Like the religion, Buddhist Weddings are deeply spiritual affairs where emphasis is more on realization of the vows than strict religious practices. Devoid of any pomp and show, Buddhist weddings are starkly different than weddings in any other cultures in India. There are no strict set of ritualistic guidelines to be followed during a Buddhist weddings from their scriptures as marriage is generally not seen as a path for salvation by Lord Buddha. They are considered to be a personal choice and not a religious duty, like in Hinduism. Buddhist families have full freedom to decide what sort of wedding ceremony they want. Inclusions of Lamas or Buddhist monks are not mandatory to solemnize the wedding although legal registration of the marriage is given importance.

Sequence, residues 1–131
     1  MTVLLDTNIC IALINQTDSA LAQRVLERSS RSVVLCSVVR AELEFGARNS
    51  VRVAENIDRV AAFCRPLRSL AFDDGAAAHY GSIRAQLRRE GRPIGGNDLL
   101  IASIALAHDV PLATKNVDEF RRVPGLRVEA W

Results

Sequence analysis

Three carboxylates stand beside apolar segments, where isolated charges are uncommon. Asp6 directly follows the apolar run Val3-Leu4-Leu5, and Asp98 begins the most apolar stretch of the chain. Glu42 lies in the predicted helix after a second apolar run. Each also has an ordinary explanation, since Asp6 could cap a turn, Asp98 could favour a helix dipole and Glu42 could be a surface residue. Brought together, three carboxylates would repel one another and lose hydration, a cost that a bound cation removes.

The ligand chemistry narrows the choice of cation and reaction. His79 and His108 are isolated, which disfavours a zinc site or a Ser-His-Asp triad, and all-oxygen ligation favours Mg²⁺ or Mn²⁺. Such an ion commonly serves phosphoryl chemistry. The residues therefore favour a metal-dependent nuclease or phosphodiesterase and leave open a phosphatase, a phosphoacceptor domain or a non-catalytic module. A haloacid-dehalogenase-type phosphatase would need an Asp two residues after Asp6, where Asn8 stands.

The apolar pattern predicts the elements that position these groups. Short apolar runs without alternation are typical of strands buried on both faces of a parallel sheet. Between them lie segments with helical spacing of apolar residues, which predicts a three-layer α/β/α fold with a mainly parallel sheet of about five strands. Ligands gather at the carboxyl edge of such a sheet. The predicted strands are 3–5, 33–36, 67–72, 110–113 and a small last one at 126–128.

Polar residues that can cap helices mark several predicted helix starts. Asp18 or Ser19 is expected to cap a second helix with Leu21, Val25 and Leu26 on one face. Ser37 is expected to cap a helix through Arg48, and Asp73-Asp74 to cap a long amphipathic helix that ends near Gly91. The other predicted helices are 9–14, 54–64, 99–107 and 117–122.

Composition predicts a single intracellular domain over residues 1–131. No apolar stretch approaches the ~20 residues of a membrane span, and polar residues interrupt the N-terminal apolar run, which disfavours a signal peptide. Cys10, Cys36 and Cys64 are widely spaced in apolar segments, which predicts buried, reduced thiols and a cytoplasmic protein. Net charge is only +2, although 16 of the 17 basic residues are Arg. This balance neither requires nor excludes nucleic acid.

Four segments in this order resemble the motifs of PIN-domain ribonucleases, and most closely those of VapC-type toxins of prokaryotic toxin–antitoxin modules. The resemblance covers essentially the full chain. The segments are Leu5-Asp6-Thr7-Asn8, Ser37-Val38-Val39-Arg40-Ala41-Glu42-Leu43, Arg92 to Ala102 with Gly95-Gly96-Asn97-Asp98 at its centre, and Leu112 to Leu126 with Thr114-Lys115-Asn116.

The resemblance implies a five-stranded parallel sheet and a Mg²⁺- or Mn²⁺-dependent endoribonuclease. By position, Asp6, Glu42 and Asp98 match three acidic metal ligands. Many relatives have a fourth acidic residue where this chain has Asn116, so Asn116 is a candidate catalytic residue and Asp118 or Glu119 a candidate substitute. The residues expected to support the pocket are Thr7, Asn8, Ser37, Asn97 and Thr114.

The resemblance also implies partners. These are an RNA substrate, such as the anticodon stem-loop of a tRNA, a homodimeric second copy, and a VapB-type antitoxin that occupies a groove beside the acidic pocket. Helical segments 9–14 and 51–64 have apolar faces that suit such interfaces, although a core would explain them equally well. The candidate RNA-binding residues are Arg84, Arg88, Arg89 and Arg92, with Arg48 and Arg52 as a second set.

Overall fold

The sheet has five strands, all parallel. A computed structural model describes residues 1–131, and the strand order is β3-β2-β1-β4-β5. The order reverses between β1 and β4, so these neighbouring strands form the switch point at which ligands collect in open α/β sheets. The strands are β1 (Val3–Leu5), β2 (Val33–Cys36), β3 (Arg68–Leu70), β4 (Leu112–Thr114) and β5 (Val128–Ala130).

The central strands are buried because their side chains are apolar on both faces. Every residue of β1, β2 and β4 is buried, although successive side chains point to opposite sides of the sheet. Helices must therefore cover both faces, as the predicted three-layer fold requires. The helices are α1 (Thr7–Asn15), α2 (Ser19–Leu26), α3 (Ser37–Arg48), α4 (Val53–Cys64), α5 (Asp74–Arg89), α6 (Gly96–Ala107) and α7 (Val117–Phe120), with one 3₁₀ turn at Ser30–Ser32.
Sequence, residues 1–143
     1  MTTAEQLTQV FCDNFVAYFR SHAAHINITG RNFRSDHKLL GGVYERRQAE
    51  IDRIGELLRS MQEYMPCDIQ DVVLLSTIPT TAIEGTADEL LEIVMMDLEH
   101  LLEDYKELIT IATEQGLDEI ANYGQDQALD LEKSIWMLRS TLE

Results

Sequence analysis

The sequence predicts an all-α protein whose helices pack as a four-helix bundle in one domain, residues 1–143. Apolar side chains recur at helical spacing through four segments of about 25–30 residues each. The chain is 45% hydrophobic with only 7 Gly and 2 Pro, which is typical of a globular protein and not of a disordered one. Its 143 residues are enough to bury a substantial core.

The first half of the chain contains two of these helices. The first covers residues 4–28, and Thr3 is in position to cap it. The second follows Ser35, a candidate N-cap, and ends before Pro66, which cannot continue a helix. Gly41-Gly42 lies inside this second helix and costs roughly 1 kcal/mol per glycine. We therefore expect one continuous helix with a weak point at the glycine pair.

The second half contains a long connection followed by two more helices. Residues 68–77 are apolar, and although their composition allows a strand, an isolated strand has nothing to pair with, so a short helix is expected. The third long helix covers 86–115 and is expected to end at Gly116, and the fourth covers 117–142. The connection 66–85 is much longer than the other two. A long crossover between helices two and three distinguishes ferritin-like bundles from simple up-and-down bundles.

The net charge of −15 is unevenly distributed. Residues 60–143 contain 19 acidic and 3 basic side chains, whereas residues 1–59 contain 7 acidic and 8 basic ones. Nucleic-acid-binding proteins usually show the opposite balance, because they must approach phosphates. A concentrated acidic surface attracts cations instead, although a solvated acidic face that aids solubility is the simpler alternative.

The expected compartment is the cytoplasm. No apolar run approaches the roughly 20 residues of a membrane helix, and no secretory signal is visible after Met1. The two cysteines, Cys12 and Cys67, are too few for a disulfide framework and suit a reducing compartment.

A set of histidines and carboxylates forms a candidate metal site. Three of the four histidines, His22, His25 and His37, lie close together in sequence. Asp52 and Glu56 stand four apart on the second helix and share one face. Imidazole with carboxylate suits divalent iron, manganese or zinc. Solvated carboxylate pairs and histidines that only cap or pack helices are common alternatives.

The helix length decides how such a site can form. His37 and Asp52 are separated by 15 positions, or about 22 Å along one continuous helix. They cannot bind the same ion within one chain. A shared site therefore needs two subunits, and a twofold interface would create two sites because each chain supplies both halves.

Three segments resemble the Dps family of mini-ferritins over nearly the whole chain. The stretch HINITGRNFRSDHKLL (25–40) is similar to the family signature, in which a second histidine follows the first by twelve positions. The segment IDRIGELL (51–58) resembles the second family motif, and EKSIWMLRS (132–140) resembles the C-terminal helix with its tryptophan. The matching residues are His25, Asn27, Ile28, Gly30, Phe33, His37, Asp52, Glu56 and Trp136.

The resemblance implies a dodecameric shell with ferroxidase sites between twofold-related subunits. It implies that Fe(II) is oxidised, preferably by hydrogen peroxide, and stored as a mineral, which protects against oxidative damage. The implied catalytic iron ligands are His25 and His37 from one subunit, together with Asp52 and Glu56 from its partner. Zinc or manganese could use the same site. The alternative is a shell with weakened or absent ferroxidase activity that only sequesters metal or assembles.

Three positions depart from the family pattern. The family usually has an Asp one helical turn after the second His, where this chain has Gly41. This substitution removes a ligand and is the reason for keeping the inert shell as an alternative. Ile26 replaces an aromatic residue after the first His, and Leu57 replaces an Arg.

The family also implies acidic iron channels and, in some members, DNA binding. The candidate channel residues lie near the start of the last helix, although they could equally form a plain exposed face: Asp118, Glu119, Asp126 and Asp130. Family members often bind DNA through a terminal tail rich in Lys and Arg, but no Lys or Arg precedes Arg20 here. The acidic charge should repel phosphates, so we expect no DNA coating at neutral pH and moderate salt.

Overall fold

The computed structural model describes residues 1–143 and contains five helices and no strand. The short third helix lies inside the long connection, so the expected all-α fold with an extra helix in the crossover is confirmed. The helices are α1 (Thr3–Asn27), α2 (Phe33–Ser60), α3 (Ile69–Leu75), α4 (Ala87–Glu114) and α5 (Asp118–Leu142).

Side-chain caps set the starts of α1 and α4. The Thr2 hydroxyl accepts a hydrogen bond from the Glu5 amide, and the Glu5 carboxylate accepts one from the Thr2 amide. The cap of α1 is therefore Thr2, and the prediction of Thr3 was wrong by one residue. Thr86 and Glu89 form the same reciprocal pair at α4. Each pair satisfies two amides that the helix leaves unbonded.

Pre wedding rituals among Jains include Lagana Lekhan which is organized at the bride’s house. Vinayakyantra puja and Sagai are held at the groom’s place. The date and time for the wedding is agreed upon in Lagana Lekhan ceremony. The letter is read out aloud in the groom’s house during Lagna Patrika Vachan. Other rituals are Mada Mandap, Barati, Aarti, singing of mangal geet etc. On the day of the wedding, the bride and groom sit in the mandap and rituals like kanyadaan (or kanyavaran), Granthi Bandhan (tying of knot of sari with groom’s shawl), mangal pheras, seven vows taken by couple, exchange of garlands, havan, Shantipath and Visarjan. After the wedding, the couple is blessed by everyone (Ashirwaadceremony). The bride is welcomed in the groom’s house (Sva Graha Aagamana). Alms are distributed in Jain temple and this is called as Jina Grahe Dhan Arpana. The couple is formally introduced to everyone in the reception hosted by groom’s family.